Over the past two days the Montana Board of Regents met in Havre to discuss their usual lofty business. Of note on their agenda was an action item to approve the acceptance of a ‘donation’ from gubernatorial candidate Greg Gianforte in the amount of $8 million dollars. The brief discussion surrounding the ‘generous gift’ was well scripted and precisely choreographed to include carefully planted questions that allowed both President Cruzado and Commissioner Christian a wide berth of the prehistoric beast in the room: donor Gianforte is a candidate for governor of the State of Montana. Cruzado and John Paxton pounced on the opportunity to regale all of the Gianforte’s many contributions to MSU over the course of the last 20 years. While well-rehearsed and prepared, the discussion lacked any level of energy, enthusiasm and spirit. A tightly controlled plan and atmosphere will do that.
One of the most overused words on the script was ‘timing’. Cruzado and Christian obviously paid attention to the noise surrounding this proposal and did some whitewashing to convince Montana that the ‘timing’ is now and acting in the here and now means the future for all students. Forget the notion that accepting this $8 million dollars leaves the Regents in a position of diminished credibility. As fully expected, the Regents have accepted Gianforte’s ‘generous gift’. In ignoring the question of political ethics they have fed the beast that is devouring any legitimacy of an authentic electoral process. As referenced in a past post, money is green to the Regents and the Commissioner, therefore, no one will be turned away. Real time ethical or moral issues be damned.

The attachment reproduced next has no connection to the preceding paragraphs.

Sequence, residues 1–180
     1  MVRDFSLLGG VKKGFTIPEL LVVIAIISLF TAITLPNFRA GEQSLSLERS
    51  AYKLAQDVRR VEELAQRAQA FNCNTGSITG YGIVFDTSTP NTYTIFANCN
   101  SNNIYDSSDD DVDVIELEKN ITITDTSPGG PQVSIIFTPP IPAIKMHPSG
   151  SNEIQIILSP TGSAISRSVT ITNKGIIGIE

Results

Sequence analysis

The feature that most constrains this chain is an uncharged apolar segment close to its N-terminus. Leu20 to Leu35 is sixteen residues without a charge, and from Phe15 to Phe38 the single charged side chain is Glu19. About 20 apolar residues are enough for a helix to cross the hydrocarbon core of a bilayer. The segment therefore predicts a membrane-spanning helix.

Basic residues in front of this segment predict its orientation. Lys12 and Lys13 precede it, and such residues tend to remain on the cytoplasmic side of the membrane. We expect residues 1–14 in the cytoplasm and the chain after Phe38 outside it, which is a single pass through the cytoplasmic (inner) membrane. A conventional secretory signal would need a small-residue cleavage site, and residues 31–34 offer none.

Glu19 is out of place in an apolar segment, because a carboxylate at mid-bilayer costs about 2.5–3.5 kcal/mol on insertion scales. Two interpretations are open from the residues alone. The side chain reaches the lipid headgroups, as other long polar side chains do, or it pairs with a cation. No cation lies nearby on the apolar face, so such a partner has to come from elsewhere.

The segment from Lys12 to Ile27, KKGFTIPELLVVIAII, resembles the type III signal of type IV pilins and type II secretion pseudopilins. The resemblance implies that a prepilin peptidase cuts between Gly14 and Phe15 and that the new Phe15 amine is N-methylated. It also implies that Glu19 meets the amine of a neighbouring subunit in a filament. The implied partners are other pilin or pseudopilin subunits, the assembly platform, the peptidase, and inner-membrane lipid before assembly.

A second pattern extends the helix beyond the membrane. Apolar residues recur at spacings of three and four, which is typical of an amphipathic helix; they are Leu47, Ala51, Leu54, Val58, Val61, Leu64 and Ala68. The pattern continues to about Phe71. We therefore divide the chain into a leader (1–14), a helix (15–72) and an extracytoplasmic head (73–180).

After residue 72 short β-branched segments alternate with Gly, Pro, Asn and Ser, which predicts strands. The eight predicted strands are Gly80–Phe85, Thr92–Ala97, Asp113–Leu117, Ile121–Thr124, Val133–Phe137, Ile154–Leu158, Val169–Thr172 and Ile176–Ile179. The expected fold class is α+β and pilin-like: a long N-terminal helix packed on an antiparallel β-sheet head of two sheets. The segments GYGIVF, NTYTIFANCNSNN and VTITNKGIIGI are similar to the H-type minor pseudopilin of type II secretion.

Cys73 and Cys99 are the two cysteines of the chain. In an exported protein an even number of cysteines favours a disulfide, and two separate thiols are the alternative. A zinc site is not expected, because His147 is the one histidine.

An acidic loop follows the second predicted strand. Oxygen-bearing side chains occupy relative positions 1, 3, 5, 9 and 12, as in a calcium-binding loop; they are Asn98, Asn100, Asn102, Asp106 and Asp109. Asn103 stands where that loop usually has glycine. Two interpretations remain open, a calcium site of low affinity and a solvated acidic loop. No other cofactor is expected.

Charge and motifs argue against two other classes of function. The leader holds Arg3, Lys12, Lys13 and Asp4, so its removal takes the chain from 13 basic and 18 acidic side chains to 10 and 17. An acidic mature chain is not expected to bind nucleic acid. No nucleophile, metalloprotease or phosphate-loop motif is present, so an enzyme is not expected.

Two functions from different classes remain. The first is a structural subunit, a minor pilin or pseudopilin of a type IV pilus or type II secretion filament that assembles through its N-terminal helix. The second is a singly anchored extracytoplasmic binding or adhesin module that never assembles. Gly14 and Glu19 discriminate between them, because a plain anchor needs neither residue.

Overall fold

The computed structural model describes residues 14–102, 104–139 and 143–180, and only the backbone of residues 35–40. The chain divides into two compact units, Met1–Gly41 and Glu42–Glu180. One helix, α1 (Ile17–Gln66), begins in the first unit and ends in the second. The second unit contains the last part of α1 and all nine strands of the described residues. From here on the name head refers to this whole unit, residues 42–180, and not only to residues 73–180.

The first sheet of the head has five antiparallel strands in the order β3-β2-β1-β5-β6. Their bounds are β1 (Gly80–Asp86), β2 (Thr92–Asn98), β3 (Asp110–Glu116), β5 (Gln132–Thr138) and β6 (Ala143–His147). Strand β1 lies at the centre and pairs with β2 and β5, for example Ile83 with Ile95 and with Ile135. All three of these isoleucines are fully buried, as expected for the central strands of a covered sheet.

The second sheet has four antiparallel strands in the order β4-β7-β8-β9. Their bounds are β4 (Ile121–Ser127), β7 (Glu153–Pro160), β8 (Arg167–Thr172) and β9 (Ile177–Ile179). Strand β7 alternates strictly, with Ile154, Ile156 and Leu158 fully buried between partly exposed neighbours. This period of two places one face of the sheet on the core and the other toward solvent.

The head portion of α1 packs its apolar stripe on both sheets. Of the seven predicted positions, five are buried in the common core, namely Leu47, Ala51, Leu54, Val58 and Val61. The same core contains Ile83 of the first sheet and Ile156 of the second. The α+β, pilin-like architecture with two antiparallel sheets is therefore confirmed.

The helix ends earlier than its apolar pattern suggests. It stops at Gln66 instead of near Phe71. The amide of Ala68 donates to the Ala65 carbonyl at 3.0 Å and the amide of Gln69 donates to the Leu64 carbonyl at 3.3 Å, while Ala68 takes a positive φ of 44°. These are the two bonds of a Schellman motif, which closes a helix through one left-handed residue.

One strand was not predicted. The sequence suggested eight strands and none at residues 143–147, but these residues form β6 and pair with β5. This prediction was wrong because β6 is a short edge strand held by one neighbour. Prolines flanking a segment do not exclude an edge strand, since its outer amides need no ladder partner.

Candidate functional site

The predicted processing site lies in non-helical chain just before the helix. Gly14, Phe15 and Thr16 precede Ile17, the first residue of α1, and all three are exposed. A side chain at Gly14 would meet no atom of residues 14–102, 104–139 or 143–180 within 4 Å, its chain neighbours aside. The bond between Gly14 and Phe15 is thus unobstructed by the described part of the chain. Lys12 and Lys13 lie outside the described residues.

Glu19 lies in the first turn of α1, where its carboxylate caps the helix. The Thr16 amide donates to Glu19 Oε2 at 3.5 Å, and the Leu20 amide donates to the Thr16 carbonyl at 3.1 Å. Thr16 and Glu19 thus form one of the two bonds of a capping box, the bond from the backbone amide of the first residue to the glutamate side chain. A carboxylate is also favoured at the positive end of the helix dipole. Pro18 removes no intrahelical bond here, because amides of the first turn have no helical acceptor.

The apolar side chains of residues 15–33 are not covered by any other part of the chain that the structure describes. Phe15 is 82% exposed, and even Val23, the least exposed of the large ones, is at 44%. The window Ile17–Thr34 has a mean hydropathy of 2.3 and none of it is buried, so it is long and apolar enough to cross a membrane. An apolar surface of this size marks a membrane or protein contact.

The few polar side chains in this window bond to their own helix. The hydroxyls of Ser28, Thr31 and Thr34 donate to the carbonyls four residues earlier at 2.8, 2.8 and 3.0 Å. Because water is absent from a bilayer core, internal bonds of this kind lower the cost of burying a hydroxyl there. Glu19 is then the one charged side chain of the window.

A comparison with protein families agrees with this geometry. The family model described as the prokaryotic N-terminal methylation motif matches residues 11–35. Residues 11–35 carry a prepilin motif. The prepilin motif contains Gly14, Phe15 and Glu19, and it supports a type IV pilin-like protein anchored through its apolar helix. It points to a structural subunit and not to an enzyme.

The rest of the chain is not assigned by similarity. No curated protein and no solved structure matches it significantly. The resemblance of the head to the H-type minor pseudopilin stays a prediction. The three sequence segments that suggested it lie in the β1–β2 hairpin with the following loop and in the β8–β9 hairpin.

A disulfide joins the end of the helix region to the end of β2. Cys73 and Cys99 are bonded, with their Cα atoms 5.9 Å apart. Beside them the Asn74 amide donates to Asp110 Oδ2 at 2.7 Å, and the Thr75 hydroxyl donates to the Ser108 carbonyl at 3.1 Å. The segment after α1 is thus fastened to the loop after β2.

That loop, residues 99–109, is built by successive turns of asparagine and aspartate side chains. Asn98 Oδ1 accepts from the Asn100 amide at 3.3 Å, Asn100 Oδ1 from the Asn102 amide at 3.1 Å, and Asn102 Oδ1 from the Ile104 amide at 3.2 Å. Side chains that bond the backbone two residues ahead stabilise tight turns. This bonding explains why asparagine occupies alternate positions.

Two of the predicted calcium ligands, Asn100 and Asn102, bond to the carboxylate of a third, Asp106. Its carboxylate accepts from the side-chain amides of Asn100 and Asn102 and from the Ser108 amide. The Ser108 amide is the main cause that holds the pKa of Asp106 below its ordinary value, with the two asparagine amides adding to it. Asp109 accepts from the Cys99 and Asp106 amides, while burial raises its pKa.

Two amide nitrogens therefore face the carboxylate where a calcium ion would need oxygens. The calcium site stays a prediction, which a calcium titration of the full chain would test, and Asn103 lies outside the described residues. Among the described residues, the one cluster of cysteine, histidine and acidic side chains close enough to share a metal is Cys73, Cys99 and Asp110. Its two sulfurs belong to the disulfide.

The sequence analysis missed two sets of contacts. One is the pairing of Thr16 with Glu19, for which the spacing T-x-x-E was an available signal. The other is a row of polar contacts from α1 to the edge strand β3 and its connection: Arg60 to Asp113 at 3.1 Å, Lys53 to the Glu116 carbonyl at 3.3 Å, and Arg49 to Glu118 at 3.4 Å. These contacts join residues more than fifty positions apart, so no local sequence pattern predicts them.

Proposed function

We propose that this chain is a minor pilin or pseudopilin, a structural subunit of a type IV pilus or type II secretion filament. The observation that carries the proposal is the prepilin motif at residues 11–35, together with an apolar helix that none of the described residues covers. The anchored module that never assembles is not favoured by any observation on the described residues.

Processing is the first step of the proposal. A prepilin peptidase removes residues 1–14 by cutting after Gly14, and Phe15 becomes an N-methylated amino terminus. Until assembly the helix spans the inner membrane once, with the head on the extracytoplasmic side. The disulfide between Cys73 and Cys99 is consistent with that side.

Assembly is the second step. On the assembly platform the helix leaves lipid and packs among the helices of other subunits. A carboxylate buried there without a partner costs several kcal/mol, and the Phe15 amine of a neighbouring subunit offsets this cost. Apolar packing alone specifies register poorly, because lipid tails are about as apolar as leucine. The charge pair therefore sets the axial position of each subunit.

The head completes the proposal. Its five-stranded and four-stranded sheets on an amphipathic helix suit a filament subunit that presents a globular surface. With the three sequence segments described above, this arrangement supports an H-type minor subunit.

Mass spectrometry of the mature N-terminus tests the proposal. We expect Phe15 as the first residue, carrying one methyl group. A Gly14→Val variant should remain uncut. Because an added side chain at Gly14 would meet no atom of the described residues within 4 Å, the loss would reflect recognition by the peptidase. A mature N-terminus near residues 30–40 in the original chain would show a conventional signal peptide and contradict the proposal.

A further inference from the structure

So let’s all just call this what it really is, a blatant move on the part of Candidate Gianforte to earn free press and promote his ‘technology’ jobs idea for Montana. Let’s also not pretend he didn’t have a lot of help. Perhaps for another $8 million Gianforte could sign off on a confidential agreement to have all ethics and philosophy courses removed. After all, we really don’t want leaders, like the Board of Regents, thinking in terms of a larger ethical picture or approaching proposals like this ‘donation’ at this particular ‘time’ by using a critical thought process.
‘Maybe all men got one big soul ever’ body’s a part of.’